Maternity Deserts: The Growing Concern of America’s Maternal Care

Maternity Deserts: The Growing Concern of America’s Maternal Care

It has been about six months since I last reported on the growing concern of maternal care, and in particular, the known issues of maternal mortality rates among African-American women.

A couple of weeks ago, Timothy Powell reported on the Centers for Medicare & Medicaid Services (CMS) “birthing-friendly” designation icon. However, is an icon really enough? The responsibility still seems to lie heavily on the provider’s side, and I am concerned that we have not seen the depths of our maternal health crisis just yet.

Last week, yet another maternity ward, this time in Monroe, Alabama, closed its doors after many last-ditch efforts to preserve a much-needed but severely underfunded resource. In Monroe, where the population grapples with a 22-percent poverty rate, residents now face the expectation of traveling beyond county lines to neighboring hospitals for labor and delivery services. The travel is expected to be anywhere from 35 to 103 miles, each way. This closure marks the third maternity unit that has closed its doors this year in Alabama because of financial constraints and limited availability of willing providers to practice in the state, because of its strict anti-abortion guidelines. Physicians are not willing to take the risk and the

hospitals cannot survive otherwise, to provide the much-needed care for their communities.

In October 2022, the U.S. Government Accountability Office (GAO) released a report on maternal health, urging for governmental support and intervention in the growing decline of obstetric services in rural areas since 2014; over half of all U.S. counties no longer had hospitals with labor and delivery services, as of 2018.

Today is it is estimated that more than 2 million women of childbearing age live in maternity care deserts, meaning they reside in counties that do not have obstetric care, many of them rural. In 2022, it was reported that 13 labor and delivery units closed, and unfortunately, this number continues to grow. In California alone, 11 maternity wards have closed in 2023, with only one maternity ward opening.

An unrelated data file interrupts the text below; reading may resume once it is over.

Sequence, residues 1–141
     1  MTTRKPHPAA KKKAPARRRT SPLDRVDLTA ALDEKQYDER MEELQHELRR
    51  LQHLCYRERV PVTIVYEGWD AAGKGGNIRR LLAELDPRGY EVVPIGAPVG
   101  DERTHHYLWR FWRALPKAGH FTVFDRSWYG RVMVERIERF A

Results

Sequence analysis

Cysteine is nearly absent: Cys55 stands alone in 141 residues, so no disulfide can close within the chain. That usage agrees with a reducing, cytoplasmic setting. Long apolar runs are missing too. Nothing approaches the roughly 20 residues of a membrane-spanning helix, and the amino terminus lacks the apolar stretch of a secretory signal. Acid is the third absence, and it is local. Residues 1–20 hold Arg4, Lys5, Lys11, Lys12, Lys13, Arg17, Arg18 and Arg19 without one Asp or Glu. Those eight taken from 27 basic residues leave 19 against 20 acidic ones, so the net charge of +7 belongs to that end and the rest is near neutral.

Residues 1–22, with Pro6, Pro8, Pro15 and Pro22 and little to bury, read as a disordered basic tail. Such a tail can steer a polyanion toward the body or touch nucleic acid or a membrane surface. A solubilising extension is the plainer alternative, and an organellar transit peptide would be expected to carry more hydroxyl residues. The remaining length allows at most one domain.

Maternity care deserts have been associated with a lack of adequate prenatal care, limited to no treatment for pregnancy complications, and increased risk of maternal death.

The top reason for the closures is money, as Medicaid funds about 50 percent of all births nationally, and more than half of births in rural areas.

The second reason is a national shift in declining birth rates.

The third stems from the unintended consequences of more stringent abortion laws, which have put many obstetric providers in a difficult position regarding adherence to nationally recognized care guidelines and state mandates when prenatal complications arise.

In review of CMS maternity initiatives, the focus appears to be on provider quality initiatives, rather than funding support. The only alternative efforts to combating maternity deserts appear to be the growing availability of telehealth to support prenatal care needs and the expansion and support for midwifery services.

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